Christianity 201

August 20, 2020

Have You Moved?

Filed under: Christianity - Devotions — paulthinkingoutloud @ 5:33 pm
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Clarke Dixon is away this week, so we’re diving deep into his blog archives for this article from August, 2011, long before we started carrying his articles here on a weekly basis.

by Clarke Dixon

Have you moved? This is a question that I could answer ‘yes’ to many times. While we did not change church families too often (my Dad being the pastor), we did move house quite often, so much so that I cannot recall how many homes I have now called ‘home.’ But on last count I attended six different public schools (in two different nations), three different high schools (in three different towns/cities), one college and two universities. And since then, I continue the life as a nomad… So yes, I have moved, and got quite good at it! In fact I now have little patience when helping others move who don’t know how it is to be done. Ever heard of boxes?

But the question put to the congregation recently… was not ‘have you moved house?’ It was really ‘has your soul moved?’ As Christians we are led by the Spirit of God:

Since we live by the Spirit, let us keep in step with the Spirit” Galatians 5:25 (NIV).

As we are led by the Spirit of God, we should expect to see change in our character:

But the fruit of the Spirit is love, joy, peace, patience, kindness, goodness, faithfulness, gentleness and self-control. Against such things there is no law” Galatians 5:22-23 (NIV).

Now sometimes this strikes Christians as being somehow either unrealistic, or unfair. “We can’t expect people to be perfect.” “We should accept people just as they are.” “People cannot change, nor should we ask them to.” That kind of thing. True enough, we accept people just as they are, but we should be asking ourselves, and each other if we are really watching out for one another, ‘have we moved?’ Have we seen a change in character? Is it evident to others, so evident it is like fruit on a tree, easily visible, and attractive not to mention life giving?

Yes we accept people as they are, but we can no more be led by the Spirit of God and remain the same, than the Israelites could be led by the pillar of smoke by day and the pillar of fire by night and remain in Egypt (see the book of Exodus). If we are led, we are moving. If we are not moving, it is not because God has stopped leading us, it is because we have stopped following. Perhaps we like Egypt too much. Perhaps we have found a comfy spot in the wilderness short of the promised land and have decided to settle in the desert. Perhaps we mistakenly thought we were being baptized in the Jordan, with the promised land just over there easily within reach, when really we were baptized back in the Nile, with quite the journey ahead of us.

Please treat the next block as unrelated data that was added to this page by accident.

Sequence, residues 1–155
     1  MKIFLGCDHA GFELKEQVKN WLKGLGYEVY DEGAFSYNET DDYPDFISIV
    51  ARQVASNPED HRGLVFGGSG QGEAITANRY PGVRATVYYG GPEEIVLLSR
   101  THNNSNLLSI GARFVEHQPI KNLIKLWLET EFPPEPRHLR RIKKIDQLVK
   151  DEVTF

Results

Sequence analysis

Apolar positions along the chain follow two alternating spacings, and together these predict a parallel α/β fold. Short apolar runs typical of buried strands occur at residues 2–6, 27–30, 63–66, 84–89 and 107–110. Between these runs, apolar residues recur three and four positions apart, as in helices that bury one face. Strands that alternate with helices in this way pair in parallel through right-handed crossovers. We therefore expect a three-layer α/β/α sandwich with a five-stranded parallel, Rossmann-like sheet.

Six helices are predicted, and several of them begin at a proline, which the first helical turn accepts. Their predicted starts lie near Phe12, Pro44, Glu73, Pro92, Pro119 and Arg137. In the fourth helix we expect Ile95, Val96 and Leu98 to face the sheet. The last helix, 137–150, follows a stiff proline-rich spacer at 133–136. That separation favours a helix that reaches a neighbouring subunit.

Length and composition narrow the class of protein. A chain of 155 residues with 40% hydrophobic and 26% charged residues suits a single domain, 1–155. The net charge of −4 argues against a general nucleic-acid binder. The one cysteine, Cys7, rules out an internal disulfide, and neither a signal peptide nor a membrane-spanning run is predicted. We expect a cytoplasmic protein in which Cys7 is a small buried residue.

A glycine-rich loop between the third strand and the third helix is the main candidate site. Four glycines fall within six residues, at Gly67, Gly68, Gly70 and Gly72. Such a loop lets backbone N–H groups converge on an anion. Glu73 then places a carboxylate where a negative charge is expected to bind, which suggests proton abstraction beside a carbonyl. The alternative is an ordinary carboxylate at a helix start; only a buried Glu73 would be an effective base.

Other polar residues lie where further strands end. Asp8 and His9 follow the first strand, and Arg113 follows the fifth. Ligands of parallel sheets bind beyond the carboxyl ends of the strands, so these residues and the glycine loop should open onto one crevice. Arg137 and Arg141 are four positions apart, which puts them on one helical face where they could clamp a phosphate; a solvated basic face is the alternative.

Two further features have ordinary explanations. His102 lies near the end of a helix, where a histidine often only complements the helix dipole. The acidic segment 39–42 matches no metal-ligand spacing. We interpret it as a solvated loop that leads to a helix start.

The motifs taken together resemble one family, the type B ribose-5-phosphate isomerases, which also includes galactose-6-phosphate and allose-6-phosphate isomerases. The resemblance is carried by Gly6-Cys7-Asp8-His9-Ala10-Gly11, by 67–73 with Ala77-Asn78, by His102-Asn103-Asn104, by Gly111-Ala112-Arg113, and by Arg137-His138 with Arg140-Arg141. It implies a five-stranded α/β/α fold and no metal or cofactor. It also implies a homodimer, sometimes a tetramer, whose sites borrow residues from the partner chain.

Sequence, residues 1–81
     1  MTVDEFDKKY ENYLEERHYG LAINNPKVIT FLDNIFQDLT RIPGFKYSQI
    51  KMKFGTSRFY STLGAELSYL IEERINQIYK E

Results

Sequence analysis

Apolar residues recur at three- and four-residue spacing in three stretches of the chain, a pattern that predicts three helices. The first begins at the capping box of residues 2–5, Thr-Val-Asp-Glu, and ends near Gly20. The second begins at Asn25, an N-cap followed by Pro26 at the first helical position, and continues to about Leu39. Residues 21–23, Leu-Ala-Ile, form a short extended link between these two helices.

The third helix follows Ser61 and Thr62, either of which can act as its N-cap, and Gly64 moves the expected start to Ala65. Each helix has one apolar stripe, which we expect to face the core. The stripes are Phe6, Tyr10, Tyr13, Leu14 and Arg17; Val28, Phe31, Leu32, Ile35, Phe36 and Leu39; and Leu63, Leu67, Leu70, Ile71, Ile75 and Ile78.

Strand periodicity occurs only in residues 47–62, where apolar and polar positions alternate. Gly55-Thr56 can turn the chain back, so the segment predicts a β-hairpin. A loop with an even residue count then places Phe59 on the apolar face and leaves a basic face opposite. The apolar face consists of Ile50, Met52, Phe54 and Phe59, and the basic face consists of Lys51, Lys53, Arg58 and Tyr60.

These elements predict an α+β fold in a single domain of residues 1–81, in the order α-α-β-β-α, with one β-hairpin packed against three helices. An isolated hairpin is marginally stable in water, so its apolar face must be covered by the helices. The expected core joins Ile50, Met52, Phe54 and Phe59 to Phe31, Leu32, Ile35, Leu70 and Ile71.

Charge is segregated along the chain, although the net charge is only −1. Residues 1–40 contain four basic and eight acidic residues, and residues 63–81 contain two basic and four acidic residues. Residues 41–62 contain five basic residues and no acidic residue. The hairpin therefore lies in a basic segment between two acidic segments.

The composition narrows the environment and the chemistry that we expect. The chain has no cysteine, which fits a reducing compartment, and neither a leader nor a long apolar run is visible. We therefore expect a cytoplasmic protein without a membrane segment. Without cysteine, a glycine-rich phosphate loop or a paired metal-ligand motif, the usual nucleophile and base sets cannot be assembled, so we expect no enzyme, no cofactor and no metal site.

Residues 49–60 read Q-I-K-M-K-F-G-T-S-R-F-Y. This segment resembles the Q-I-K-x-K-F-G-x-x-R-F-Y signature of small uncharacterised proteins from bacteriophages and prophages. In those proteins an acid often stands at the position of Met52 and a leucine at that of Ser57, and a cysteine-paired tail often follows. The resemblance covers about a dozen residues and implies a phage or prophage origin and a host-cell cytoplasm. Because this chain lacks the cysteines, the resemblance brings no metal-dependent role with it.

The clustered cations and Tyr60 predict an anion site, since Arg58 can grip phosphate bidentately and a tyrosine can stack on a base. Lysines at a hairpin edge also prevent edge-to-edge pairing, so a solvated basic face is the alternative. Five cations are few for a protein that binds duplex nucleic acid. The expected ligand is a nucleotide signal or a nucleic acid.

There is a Spirit-led journey ahead of each of us. And I don’t believe any of us ever really reach the ‘promised land’ of Christ-like character in this lifetime. But the question is not “have you arrived?” The Lord knows I have not. My wife knows too. And so do those who need my help moving and who have not packed properly, as previously mentioned. The question is ‘have you moved?’ Are you different now than you were ten years ago? Five years ago?

Whatever your answer is, I know what mine needs to be: Let’s get moving!


Adapted from a sermon preached August 2011 in Ottawa, Canada. Today, Clarke is a pastor in Cobourg, a city on the north shore of Lake Ontario in Canada. Church website.

April 29, 2012

Doers…and Not Hearers Only

Or then again,  maybe we should have titled this,

Hearers…and not Doers Only.

I was surprised to discover today that we had yet to include Talbot Davis in our collection of Bible study and devotional writers.  His blog, The Heart of the Matter is now entering its fifth year.  Talbot is pastor of Good Shepherd United Methodist Church, a modern congregation in Charlotte, North Carolina. You’re encouraged to read posts here on C201 at source, where this one appears as What “Doers Of The Word” Teaches Us About The Bible

James 1:22 is one of the more familiar verses in Scripture.  I love how the King James version translates it:

But be ye doers of the word, and not hearers only, deceiving your own selves.

We get the “doers of the word” part — most of us Methodist are more than eager to put our faith into some kind of meaningful action.

But note the contrast — “and not hearers only.” 

If we gave it some real thought, most of us would contrast “doing” the word with “reading the word,” wouldn’t we?

In our mind, the sin James rebukes here concerns people who read, study, and underline their bibles but don’t then live their bibles.

Except James couldn’t write his letter and give this exhortation with that sin in mind.  Why?

Because the people in James’ church didn’t have their own personal copies of the bible.  In fact, the majority of them couldn’t read.

They encountered the sacred text in church, in community, and out loud.  So most people in James’ church heard the word without ever reading the word.  James writes with that dynamic in mind.

Which brings up the larger point:  the bible is a collection of books — a library as we call it at Good Shepherd — written for people who are by and large illiterate.

Books for people who can’t read?  You bet.  That’s why the books in the bible are written more for the ear than for the eye.

So try it.  Read it out loud today.

And the book of James wouldn’t be a bad place to start.

~Talbot Davis

In many parts of the world, oral transmission — orality — is the dominant medium by which the scriptures are heard.  If you wish to know about a ministry organization producing oral texts for both major and obscure language groups, check out this article about Megavoice.

February 13, 2011

First Faith Lessons